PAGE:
Wednesday, March 20, 2013

Civic Pride

My time as a Shreveport resident bookends a five or six year period spent living in two other cities--Austin, Texas and Chicago, Illinois.  In many ways, these two places could not be more different.  Austin's average January temperature is probably close to Chicago's average June, and Austin's average June is probably close to the Sahara.  Austin has rolling hills, Chicago has highway overpasses.  Chicago has a towering cluster of a skyline, Austin has a couple of random, spread out highrises.  However, one thing the two places do have in common is civic pride.  Residents of each are quick to claim their city.

Shreveport residents, on the whole, are quite different.  Among any group of Shreveport 20-somethings, you aren't likely to find a person speaking highly of Shreveport.  In fact, you've almost certainly heard it called "Shit-port," the most widely used of many derogatory nicknames.  It's unfortunate, because there actually are a number of reasons to not just enjoy living here but to actually take pride.  Unfortunately, I think it takes getting out and living in other cities to recognize this.

This blog has thus far focused a lot on the parts of the city that need work.  I haven't really dealt Shreveport a fair hand.  Here are some random reasons to love it here:

  • Colleges.  I don't know of too many other cities of this size, or even several times larger, with easier access to [affordable] higher education.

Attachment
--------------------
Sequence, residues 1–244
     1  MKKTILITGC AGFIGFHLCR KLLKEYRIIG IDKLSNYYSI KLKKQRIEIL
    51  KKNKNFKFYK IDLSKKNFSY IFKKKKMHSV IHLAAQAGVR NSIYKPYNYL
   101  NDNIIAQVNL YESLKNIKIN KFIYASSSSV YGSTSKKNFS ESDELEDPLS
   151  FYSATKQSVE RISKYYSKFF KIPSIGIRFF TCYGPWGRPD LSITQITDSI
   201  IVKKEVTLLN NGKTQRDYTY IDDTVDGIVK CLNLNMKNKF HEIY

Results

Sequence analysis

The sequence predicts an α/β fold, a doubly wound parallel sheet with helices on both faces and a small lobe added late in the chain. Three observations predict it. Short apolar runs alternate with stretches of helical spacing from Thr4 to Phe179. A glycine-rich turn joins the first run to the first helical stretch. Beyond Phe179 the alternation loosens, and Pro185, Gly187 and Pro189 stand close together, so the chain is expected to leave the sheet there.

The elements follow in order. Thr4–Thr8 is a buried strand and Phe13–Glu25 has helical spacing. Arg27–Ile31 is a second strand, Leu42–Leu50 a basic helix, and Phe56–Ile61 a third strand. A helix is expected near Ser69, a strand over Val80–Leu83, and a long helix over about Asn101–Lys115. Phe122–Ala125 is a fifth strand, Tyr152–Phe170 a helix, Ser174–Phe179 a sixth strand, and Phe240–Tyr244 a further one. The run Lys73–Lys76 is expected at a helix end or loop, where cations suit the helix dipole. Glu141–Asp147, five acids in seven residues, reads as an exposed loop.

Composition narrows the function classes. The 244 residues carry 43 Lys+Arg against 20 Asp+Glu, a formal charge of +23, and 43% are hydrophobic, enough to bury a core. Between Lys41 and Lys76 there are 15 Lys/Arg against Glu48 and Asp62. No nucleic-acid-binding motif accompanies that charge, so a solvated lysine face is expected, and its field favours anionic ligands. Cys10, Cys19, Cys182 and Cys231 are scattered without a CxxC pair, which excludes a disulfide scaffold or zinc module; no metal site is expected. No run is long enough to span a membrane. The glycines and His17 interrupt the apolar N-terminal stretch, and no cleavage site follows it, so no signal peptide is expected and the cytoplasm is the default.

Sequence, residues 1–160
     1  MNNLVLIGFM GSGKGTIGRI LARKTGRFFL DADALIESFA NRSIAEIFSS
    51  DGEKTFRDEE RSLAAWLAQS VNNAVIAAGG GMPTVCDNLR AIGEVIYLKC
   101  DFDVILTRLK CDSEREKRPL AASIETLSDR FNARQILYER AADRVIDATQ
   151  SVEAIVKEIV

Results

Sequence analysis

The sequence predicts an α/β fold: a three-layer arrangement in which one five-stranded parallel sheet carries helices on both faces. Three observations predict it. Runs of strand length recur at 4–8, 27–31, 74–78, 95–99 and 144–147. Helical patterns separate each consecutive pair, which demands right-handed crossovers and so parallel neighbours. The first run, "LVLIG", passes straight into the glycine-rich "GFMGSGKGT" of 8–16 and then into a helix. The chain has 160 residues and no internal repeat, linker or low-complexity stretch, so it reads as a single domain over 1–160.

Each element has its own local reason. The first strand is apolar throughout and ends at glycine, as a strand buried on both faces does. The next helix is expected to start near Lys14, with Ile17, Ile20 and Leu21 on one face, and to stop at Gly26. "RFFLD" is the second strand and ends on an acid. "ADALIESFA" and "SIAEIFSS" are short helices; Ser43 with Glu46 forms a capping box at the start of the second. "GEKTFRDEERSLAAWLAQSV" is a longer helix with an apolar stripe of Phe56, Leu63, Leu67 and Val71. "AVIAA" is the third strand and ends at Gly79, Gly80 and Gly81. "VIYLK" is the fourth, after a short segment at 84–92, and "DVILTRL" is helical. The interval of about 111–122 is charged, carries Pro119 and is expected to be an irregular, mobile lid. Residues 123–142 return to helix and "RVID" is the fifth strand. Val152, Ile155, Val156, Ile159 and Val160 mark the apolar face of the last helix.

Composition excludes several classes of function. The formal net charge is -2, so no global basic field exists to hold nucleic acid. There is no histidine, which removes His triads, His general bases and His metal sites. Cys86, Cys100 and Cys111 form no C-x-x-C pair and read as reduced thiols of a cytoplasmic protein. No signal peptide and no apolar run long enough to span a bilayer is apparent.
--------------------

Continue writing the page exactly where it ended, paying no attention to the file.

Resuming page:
• Caddo Lake.  The scenery of the swampy backwaters of Caddo Lake is as picturesque as anywhere else in the country, at least in its own special way.
  • Weather.  The weather here is actually great, much as we like to complain.  Mild winters, not too much rain, and early springs/late falls more than make up for 3ish months of hot and humid summers.
  • Affordability.  Life here is cheap.
Shreveporters need to take on the shared responsibility of improving our civic pride.  With civic pride come all sorts of benefits, such as:  lower crime, less litter, increased beautification, resident retention, avoiding the youth brain drain, and more.  To help with this, I'm working on creating some artwork to help residents show their civic pride.  Sort of like:

One thing that proud cities--Chicago and Austin especially--have in common is that the homes of the residents are decorated with artwork reflecting that pride.  In Shreveport homes, you'll notice a lot of paintings reflecting pride in the state of Louisiana (and its sports), but nothing city specific.  The poster above is a sample of what I'm talking about.  If you want one, let me know by comment or e-mail.